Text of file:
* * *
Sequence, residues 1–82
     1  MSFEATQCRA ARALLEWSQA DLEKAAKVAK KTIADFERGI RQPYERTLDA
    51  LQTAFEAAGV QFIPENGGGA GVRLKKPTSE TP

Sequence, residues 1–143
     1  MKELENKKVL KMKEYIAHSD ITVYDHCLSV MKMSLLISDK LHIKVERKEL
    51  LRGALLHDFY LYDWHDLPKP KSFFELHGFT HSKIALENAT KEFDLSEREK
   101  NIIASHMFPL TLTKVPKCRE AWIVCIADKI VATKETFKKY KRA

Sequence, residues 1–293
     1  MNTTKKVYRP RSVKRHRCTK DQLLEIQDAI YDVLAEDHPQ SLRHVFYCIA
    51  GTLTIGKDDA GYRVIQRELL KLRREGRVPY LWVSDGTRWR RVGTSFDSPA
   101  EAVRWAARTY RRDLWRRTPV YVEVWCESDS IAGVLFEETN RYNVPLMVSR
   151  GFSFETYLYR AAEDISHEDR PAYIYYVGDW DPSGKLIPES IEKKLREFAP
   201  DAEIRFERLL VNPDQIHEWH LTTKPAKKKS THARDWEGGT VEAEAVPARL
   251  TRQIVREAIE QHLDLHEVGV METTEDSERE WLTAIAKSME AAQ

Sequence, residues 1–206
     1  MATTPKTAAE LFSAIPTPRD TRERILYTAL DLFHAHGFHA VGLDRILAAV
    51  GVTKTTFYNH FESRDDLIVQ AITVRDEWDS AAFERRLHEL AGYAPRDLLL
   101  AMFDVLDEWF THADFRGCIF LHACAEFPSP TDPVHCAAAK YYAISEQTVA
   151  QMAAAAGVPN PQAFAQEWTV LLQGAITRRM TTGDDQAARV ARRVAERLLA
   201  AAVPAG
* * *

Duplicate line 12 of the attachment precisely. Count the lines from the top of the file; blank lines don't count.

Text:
   151  GFSFETYLYR AAEDISHEDR PAYIYYVGDW DPSGKLIPES IEKKLREFAP